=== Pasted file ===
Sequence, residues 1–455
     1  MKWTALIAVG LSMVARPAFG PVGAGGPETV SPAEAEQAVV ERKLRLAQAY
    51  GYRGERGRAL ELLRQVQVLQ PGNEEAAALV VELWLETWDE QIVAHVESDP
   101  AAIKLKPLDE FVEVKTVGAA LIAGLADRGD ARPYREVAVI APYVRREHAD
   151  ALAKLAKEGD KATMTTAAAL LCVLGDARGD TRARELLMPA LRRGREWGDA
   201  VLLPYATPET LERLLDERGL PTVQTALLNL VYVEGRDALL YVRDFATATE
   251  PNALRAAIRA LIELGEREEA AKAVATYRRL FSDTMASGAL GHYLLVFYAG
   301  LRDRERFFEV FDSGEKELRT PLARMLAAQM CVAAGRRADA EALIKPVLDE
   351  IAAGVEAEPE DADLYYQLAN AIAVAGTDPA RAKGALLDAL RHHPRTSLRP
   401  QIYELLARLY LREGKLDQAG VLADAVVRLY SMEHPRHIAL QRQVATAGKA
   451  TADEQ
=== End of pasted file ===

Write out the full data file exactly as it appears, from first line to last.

Sequence, residues 1–455
     1  MKWTALIAVG LSMVARPAFG PVGAGGPETV SPAEAEQAVV ERKLRLAQAY
    51  GYRGERGRAL ELLRQVQVLQ PGNEEAAALV VELWLETWDE QIVAHVESDP
   101  AAIKLKPLDE FVEVKTVGAA LIAGLADRGD ARPYREVAVI APYVRREHAD
   151  ALAKLAKEGD KATMTTAAAL LCVLGDARGD TRARELLMPA LRRGREWGDA
   201  VLLPYATPET LERLLDERGL PTVQTALLNL VYVEGRDALL YVRDFATATE
   251  PNALRAAIRA LIELGEREEA AKAVATYRRL FSDTMASGAL GHYLLVFYAG
   301  LRDRERFFEV FDSGEKELRT PLARMLAAQM CVAAGRRADA EALIKPVLDE
   351  IAAGVEAEPE DADLYYQLAN AIAVAGTDPA RAKGALLDAL RHHPRTSLRP
   401  QIYELLARLY LREGKLDQAG VLADAVVRLY SMEHPRHIAL QRQVATAGKA
   451  TADEQ